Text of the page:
The pace of the fee-for-value transition, cost transparency and forming mutually beneficial partnerships were key topics of discussion among nearly 50 hospital and health system finance leaders at the 2015 CFO Exchange in Colorado.
Three themes emerged at this year’s Exchange, which are consistent with what we’re experiencing in the industry:
1. Payment reform is moving more slowly than anticipated.
Fee-for-service remains the dominant payment mechanism, and while many hospitals see taking on risk by managing population health as the path to maintain fiscal health, many insurers are reluctant to offer innovative payment models. In the meantime, although the Patient Protection and Affordable Care Act has increased the number of insured patients and reduced uncompensated care, high-deductible plans and many of the “silver” and “bronze” exchange plans leave patients with an unexpectedly high burden for healthcare spending—and many hospitals with increasing levels of bad debt for insured patients.
2. Transparency is an elusive goal.
Many CFOs remain frustrated by the inability to define the cost for every procedure in the hospital, and while consumers seek transparency regarding the price and quality of healthcare services, that information is difficult to provide given the complexity of the reimbursement environment. It is clear that hospitals have a handful of common goals: Provide care in a way that balances cost and quality; minimize unnecessary utilizations; and retain patients and revenue streams within the system. In many cases, this means delivering care to patients in different ways depending on complexity and need—using case management and care coordination for chronic patients, while leveraging urgent care, retail locations, and e-solutions to provide convenient access to care for less acute patients.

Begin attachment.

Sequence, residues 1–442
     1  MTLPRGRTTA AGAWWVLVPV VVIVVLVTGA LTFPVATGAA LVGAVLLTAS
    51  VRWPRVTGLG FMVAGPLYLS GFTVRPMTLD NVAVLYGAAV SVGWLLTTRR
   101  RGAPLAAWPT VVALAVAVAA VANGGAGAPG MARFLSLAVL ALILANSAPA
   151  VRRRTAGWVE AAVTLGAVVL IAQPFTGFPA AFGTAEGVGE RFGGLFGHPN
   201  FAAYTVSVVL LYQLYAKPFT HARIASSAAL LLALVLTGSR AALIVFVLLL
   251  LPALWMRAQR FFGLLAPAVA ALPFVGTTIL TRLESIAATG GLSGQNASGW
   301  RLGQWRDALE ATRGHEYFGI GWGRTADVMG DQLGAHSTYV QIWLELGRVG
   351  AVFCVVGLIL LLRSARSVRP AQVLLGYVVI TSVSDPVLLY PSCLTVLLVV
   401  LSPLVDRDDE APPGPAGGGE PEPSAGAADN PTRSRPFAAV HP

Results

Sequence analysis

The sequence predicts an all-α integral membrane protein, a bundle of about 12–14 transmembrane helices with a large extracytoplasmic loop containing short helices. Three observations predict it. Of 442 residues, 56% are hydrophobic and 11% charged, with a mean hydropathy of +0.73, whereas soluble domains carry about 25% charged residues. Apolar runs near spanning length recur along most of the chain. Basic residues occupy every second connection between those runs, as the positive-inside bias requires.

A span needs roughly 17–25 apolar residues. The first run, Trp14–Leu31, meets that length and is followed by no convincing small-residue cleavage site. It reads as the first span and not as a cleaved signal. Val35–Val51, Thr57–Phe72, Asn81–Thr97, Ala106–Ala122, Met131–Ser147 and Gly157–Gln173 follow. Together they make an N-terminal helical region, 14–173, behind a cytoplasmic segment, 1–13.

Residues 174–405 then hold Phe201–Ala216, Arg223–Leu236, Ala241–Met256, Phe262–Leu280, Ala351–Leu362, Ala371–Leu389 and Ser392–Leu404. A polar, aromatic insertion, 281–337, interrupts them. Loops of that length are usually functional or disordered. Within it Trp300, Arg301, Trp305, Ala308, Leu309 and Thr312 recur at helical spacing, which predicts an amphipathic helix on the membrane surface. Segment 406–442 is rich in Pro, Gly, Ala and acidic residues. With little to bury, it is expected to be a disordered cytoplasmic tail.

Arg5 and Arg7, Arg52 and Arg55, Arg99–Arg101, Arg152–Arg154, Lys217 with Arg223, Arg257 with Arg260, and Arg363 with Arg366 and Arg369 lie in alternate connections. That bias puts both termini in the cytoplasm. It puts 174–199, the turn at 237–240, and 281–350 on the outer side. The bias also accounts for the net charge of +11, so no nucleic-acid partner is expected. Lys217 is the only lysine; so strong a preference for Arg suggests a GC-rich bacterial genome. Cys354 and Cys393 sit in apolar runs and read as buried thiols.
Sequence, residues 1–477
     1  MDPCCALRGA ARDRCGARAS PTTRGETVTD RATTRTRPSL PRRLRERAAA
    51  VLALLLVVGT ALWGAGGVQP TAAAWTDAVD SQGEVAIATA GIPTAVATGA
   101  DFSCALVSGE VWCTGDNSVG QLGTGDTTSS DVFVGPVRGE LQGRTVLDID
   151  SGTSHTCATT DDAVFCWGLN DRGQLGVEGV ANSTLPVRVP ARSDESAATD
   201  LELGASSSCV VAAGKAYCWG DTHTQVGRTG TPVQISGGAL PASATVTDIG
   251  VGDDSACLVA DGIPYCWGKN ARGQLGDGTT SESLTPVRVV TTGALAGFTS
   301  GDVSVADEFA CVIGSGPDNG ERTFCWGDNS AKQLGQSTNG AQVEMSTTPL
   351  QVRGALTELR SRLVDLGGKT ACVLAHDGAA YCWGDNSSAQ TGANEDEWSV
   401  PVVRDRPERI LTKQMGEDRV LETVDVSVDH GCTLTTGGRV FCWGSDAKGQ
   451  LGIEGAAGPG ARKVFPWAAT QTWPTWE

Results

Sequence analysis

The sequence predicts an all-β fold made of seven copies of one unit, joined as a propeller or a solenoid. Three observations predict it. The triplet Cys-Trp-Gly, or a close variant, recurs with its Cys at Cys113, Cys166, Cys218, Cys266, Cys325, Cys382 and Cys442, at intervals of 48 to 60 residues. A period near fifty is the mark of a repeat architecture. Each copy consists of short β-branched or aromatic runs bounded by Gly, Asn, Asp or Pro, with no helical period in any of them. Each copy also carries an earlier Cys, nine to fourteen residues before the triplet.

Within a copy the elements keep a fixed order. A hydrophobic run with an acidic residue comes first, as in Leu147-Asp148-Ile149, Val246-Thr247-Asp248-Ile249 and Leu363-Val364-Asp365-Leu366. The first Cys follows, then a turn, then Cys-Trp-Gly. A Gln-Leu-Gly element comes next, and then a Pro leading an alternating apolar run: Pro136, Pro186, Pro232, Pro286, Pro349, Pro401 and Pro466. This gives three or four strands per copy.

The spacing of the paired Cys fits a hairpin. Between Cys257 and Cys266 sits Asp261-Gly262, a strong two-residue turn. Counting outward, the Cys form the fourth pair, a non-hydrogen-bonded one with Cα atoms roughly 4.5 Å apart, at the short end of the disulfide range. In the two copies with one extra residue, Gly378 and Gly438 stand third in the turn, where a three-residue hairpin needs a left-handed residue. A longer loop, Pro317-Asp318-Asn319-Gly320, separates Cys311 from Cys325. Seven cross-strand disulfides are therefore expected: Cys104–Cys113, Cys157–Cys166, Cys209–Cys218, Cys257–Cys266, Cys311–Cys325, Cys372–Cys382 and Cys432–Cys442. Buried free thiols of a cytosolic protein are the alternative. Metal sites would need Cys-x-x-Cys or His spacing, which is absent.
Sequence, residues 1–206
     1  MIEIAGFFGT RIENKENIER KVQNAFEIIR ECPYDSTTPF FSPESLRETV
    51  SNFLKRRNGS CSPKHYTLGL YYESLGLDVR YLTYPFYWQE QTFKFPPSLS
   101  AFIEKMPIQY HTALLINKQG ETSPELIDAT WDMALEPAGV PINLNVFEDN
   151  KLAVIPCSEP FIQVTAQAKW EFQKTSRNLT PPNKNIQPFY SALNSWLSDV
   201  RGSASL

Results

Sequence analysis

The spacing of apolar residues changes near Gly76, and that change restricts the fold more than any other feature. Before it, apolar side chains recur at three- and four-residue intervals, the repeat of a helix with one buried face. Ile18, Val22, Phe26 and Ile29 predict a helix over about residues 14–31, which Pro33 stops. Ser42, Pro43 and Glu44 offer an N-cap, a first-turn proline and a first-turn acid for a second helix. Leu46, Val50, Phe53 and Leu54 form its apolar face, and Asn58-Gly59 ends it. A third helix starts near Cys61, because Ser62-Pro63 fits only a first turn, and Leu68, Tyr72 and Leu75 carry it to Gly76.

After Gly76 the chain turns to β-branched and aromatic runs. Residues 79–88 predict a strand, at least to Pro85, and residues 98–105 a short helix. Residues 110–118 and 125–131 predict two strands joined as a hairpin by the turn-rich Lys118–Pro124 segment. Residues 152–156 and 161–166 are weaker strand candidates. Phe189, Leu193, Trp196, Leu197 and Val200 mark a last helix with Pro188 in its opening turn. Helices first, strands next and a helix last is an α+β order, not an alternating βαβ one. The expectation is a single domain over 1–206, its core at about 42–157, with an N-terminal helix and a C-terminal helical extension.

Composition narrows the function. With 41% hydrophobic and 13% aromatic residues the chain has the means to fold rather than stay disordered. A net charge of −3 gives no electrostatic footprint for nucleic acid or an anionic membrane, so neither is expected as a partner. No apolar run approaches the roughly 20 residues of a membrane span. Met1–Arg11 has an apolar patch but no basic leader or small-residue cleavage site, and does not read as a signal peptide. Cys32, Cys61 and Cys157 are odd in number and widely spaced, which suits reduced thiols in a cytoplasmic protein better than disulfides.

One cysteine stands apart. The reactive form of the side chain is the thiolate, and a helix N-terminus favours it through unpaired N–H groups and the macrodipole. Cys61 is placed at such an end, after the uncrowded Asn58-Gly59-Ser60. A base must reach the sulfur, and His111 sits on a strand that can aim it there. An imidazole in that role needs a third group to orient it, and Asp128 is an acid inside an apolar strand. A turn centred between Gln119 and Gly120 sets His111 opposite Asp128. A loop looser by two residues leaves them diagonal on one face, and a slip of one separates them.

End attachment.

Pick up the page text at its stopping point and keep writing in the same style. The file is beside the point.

3. Partnerships are key to managing the financial impact.
To rise to the clinical and financial challenges in this transformational time in our industry, partnering with the right organizations is critical. These partnerships are not all about mergers and acquisitions. Hospitals are approaching partnerships from every angle: Creating narrow networks to better manage populations, partnering with physicians to drive clinical efficiency and improvements, and even partnering with large employers to craft direct-to-employer plans that cut out the middle man in reimbursement. But not just any partner will do. Culture and strategies must be aligned for these partnerships to be effective over the long term.
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- As the fee-based payment model remains dominant, high-deductible plans add to the financial burden of both patients and hospitals
- Consumer pressure for transparency and today’s complex reimbursement environment are prompting hospitals to adapt
- Hospitals are meeting clinical and financial challenges with creative partnerships that go beyond M&A